The construction industry is full of lucrative business opportunities. Roofing is one of them. If you want to start your own contracting business, the roofing industry might be the right fit.
But what would it take to launch and run your own roofing business? This article is a comprehensive guide on how to start a roofing company. It also covers the common pitfalls to avoid, key considerations to make, and helpful tips to follow to establish a successful roofing business.
To start, let’s look at the benefits of owning and running a roofing business.
The Benefits of Starting Your Own Roofing Business
Why start a roofing company? Well, entrepreneurship is often a personal choice or a result of certain circumstances. Whatever your motivation, you can reap the following benefits as a roofing contractor:
Being Your Own Boss
Owning a roofing business is a sure way to escape the tedious 9-to-5 grind. As a roofing business owner, you’ll be self-employed, your own boss, and in full control of your destiny. You’ll have total freedom to try out new ideas, work flexible hours, and make your own business decisions.
Such independence will drastically enhance your lifestyle by promoting a healthy work-life balance. Plus, the pride of owning a business builds personal confidence and a sense of fulfillment.
A survey of 605 small business owners and managers found that nearly two-thirds were motivated to own or manage their business to be their own boss.
One of the main goals of starting any business is to make money. A roofing business is no different. In fact, roofing is a highly lucrative industry with an insatiable demand for contractors.
For perspective, the U.S. roofing contractors’ market is a $56.7 billion commercial industry. And each of the top 10 roofing companies in the country makes upwards of $50 million annually. The biggest earners generate nearly a billion dollars.
Additionally, the demand for roofing contractors is only growing. The thriving construction industry is currently valued at $1.94 trillion. After all, every building needs a roof—be it a commercial estate or a residential home.
And unlike the rest of the building, roofs require regular inspection, maintenance, and repairs. Plus, most roofs typically last 15-25 years before needing a major overhaul or outright replacement.
So it’s safe to say the demand for roofing services is strong.
Learning and Growth Opportunities
Being a business owner presents you with numerous opportunities for professional development.
Firstly, you have ample room to spread your wings and realize your potential.
Secondly, you’re positioned to seize opportunities you never knew existed or were within your grasp.
Thirdly, you learn a lot as an entrepreneur—knowledge you can use to grow and improve yourself and your business.
While roofing is an excellent contracting niche, it might be your stepping stone to even greater things. A small contracting business may disrupt the industry with new roofing styles, materials, and standards.
Who knows? The sky is quite literally the limit when it comes to roofing.
5 Things to Consider Before Starting a Roofing Business
Starting a new roofing business is an exciting undertaking. But it’s usually more complex than it looks. It can be challenging and stressful, too, especially for first-time entrepreneurs. Aside from that, only some business endeavors become successful.
So, it’s important to lay some groundwork and weigh various options before committing to the venture. To that end, here are 5 key considerations to make before starting a roofing business:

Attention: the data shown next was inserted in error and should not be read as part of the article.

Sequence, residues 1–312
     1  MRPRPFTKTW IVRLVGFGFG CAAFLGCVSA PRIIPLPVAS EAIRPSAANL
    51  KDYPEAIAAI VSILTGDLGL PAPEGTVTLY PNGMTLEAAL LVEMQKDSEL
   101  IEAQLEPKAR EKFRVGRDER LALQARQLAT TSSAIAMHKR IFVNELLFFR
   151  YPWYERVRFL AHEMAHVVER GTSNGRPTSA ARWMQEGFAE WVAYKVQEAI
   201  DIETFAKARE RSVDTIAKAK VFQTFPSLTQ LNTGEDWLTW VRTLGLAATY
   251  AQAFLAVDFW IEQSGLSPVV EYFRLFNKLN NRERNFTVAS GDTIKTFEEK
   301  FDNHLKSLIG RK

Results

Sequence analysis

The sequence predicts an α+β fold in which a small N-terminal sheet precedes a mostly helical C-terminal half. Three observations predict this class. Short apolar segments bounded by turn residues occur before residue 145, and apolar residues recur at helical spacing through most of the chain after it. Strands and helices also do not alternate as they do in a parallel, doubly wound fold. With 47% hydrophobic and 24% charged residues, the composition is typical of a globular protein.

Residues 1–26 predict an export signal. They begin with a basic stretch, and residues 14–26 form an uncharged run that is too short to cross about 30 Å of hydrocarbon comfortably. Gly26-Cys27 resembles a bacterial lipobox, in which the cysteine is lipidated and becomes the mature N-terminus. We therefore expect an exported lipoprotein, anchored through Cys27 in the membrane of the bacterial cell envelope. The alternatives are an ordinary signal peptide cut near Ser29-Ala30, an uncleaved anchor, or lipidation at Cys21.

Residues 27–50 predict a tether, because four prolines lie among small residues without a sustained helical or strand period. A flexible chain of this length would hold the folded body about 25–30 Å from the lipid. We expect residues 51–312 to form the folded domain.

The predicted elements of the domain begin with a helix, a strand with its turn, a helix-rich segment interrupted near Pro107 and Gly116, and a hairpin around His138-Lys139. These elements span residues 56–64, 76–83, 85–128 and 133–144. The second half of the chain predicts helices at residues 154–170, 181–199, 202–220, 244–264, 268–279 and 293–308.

1. Location, Location, Location
Roofing is a hands-on job. A roofing contractor can only serve a limited area, such as a town, city, county, municipality, or state. In other words, a roofing company is a localized business, making its location a critical consideration.
Where do you plan to establish your roofing business? Choosing a prime location is important because it determines the market you’ll be serving, the roofing services you can render, and the logistics of setting up and running the business.
According to CB Insights, 42% of startups fail due to a lack of market for their offerings. Your location is your market.
Research several areas and settle on the one that shows the greatest promise. This could be in population metrics, housing demand, and real estate development.
Pick just one location for a start. You can branch out to other places later as the contracting business grows.
2. The Roofing Services Scope
Roofing is a broad business category with several specialties. For instance, some roofers specialize in roofing commercial buildings, while others work exclusively on residential homes.
You can further narrow your focus on one or more of the following areas:
- New roof installation and replacement
- Roof inspection and damage assessment
- Roof design and architecture
- Roof repair, painting, and servicing
- Leak protection and insulation
- Roof and gutter cleaning
- Solar roof installation
While it helps to have a broad portfolio as a contractor, try not to stretch yourself too thin. Offer roofing services you’re confident you can deliver.
Specialize in what you’re good at or passionate about. Then ensure it aligns with the roofing demands in your target market.
3. Potential Competitors
Who do you see as your main competitors in the chosen service area? Look up other roofing businesses in your target market offering the same services you intend to sell.
Find out what they are doing, who they’re working with, who they’re selling to, and their prices to determine how you can differentiate your new business.
This is called competitor research and is a big part of market evaluation.
Researching your to-be competitors will guide you in pricing, structuring, and branding your offering to stand out among other roofing contractors. It essentially finds you a way into the competitive roofing market.
4. Funding Your Own Roofing Business
How do you plan to secure enough capital to start the business and keep it going until it can sustain itself?
A new business can take several months to break even, let alone turn a profit. Ideally, you’ll need enough working capital to keep the business afloat for at least the first six months.